GoPro HERO3 Launch Video

Subject: GoPro HERO3
Filmers: Abe Kislevitz, Jordan Miller, Bradford Schmidt, Caleb Farro, Wes Nobles & more
Location: New Zealand, British Columbia, San Francisco, Tonga, Tahiti
Music: OVERWERK - "Daybreak" (GoPro HERO3 Edit)

The GoPro HERO3 launch video was the biggest undertaking in GoPro media history. It also required the most resources of any project we’ve done thus far. We started planning the video in early June but were at a standstill until we could get working prototype HERO3 units. We made a decision to base most of the filming out of Queenstown New Zealand due to the close proximity to good snow, surf, kayak, and diving.

By mid august we had working cameras and a firmware that worked well enough to film with. We didn’t have ProTune or some of the modes in the camera, but we reached the critical cut off time to create a video in time for launch. A team of about 10 media folk from GoPro jetsetted across the world to Queenstown to set up camp.

First up Caleb, Brad Schmidt (medias creative director), Tom Wallisch, Eric Willett, JT Holmes, Julia Mancuso and I hopped in a heli and took a 45 minute ride into the heart of the mountains near Mt. Cook. We had 3 days to capture some snowy gold and got extremely lucky. We had two very solid days of bluebird weather and perfect snow. We headed back to homebase with the first major section of footage in the bag.

As soon as we got back Bradford headed over to Tahiti to get the surf content out of the way. He met up with Kelly Slater and Anthony Walsh and went to town. They filmed at Teahupoo and captured what they could in the few days they had. Slater’s footage was mostly in stormy weather so not a ton got used, but they scored some rad barrels with Walsh and a few others.

Meanwhile we were in Queenstown shooting mountain bike with Aaron Chase and Kelly McGarry while Jordan Miller and Nich Lubson were filming the ski-BASE section with JT a few hours away. The BASE shoot took just one day – all went very smoothly. On the bike front weather was pretty miserable and very cold but we nailed a few key shots using an RC zipline cam we rigged up in the mountains just above Queenstown. We actually setup a whole action scene where Kelly and Aaron launch off a road gap over a moving truck but didn’t end up using the footage. We wanted a more forest feel in the end. To capture this, the 2nd half of the mountain bike shoot was done up in Squamish BC after the NZ shoot was finished. Caleb and Zak Shelhamer headed that shoot up.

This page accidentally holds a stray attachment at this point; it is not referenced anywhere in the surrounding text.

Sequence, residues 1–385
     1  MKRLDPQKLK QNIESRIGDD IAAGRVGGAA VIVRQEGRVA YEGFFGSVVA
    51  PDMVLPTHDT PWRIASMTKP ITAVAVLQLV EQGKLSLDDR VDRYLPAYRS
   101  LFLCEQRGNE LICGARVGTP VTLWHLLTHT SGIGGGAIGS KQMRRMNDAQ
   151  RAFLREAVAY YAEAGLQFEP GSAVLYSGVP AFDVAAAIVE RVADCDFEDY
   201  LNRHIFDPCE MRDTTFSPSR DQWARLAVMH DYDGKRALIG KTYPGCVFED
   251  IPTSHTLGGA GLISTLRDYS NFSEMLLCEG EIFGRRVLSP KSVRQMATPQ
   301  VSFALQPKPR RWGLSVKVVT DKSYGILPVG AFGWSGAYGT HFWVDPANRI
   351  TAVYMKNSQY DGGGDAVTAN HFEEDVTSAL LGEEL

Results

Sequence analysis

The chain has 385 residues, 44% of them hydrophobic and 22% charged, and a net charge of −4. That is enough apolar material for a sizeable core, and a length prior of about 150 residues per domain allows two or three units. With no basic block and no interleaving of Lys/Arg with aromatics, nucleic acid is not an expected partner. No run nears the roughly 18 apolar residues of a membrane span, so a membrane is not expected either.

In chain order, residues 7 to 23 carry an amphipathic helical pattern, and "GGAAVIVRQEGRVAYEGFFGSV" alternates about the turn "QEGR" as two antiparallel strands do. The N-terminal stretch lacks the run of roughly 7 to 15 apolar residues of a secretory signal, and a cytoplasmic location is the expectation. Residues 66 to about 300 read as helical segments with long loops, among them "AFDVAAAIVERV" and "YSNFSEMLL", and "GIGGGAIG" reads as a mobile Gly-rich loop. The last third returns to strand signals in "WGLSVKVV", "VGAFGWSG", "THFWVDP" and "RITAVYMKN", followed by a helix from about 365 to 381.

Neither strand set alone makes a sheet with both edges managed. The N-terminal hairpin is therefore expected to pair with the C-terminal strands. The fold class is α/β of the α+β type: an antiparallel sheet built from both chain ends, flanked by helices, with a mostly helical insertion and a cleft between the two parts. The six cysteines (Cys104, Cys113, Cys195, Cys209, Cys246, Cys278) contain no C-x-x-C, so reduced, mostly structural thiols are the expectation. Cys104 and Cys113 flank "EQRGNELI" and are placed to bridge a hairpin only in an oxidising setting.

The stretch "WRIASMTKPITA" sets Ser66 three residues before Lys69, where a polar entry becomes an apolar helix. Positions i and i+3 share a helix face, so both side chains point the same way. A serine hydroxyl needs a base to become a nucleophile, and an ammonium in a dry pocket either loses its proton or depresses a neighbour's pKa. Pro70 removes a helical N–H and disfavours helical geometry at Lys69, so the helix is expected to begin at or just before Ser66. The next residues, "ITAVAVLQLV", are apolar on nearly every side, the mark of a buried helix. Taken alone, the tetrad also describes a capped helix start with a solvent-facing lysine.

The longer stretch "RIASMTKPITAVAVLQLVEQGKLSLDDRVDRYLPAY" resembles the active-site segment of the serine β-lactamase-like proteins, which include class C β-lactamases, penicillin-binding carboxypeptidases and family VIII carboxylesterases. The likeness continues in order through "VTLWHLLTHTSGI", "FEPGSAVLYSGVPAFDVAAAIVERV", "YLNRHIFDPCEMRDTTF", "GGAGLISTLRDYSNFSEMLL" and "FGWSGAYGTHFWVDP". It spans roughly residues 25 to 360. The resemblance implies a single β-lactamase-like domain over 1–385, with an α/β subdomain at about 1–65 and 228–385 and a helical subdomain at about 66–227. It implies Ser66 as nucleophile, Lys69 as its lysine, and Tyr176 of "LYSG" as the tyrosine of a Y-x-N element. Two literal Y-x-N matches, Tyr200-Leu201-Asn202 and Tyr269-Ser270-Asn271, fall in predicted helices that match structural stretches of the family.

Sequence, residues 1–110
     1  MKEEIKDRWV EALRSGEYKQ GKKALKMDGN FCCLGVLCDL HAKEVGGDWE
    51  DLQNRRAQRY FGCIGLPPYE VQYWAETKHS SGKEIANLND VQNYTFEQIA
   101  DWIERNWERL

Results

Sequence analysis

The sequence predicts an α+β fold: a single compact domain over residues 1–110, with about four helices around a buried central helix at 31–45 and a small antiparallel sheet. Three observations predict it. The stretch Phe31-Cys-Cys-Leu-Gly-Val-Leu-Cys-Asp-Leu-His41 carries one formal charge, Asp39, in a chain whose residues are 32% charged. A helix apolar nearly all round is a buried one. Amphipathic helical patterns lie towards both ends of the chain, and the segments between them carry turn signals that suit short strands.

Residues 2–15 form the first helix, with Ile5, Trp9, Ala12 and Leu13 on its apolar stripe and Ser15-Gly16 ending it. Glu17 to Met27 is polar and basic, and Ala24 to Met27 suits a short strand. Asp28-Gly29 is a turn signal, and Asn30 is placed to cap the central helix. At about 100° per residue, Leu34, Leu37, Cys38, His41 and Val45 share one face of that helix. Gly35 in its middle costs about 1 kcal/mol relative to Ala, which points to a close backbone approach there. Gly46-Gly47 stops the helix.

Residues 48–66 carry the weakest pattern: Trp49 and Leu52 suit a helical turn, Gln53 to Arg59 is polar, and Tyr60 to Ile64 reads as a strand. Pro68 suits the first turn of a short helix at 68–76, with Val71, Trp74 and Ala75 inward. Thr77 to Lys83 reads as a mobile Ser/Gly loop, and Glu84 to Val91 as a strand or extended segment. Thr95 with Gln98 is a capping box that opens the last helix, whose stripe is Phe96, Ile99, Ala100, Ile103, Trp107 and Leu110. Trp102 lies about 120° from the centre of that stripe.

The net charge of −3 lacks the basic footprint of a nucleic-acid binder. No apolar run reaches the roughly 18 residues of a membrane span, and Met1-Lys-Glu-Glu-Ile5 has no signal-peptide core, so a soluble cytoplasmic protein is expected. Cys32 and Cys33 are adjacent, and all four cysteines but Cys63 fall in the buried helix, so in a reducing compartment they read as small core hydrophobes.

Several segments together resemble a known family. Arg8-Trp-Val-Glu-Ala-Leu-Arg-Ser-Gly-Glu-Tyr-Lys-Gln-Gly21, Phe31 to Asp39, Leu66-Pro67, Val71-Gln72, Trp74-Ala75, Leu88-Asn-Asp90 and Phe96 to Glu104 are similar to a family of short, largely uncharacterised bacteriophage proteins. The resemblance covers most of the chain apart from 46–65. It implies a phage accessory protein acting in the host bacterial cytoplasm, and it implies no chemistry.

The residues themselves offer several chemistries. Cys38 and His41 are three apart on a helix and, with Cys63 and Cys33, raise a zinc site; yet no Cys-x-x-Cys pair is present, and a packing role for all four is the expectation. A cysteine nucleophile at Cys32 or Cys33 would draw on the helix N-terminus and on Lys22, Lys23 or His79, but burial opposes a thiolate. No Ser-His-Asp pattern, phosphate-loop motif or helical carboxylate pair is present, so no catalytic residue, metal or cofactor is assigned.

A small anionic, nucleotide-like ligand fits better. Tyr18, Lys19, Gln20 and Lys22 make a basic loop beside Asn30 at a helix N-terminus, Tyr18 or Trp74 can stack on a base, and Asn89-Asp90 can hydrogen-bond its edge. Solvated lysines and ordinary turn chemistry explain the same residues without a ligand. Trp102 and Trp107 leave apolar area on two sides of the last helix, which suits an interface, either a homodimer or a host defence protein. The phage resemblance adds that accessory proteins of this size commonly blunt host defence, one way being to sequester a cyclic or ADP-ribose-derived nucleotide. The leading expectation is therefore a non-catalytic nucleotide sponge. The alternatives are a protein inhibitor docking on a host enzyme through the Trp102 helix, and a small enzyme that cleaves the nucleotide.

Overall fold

I flew back to homebase to work on camera firmware at the end of mountain bike while the rest of the team relocated to the north island of New Zealand to film Kayak. Local Ben Brown (star of the Skrillex GoPro kayak commercial) showed the team around along with Pro Kayaker Rush Sturges. They faced a lot of rain but went down some of the gnarliest Kayak runs in the world – stuff few would attempt ever.

A few weeks later Caleb and Bradford flew to the Kingdom of Tonga where they would meet up with 3 of the world’s best freediving women. Knowing it was Humpback Whale season, they set out on boats and started freediving. All of the filming was done without any scuba gear. The girls would film for 2-3 minutes at a time with world renowned freediver Kirk Krack on the camera, along with Bradford. Caleb was along to help prep cameras and oil the ladies down. :)

The last segment to get filmed was the motorcycles, which was done in our backyard. We flew out our moto GP athletes and put them on brand new Ducati bikes. We closed off a road above the Golden Gate Bridge on the north end of San Francisco then had them cruise through the streets of Downtown SF.

Next up was the task of putting it all together. The editing process couldn’t have been done without the help of our resident loggers Sam Lazarus, Matt Linn, and Justin Whiting. They were on-site in NZ pulling selects as soon as footage came in. They logged all of our raw videos and prepped all the important moments into timelines in Final Cut so we could see the flow of shots for each vertical. Jordan Miller and I took to the edit bay back at homebase and worked on cutting the video down day by day. We had about 4 weeks to edit and 1 week to work on post production.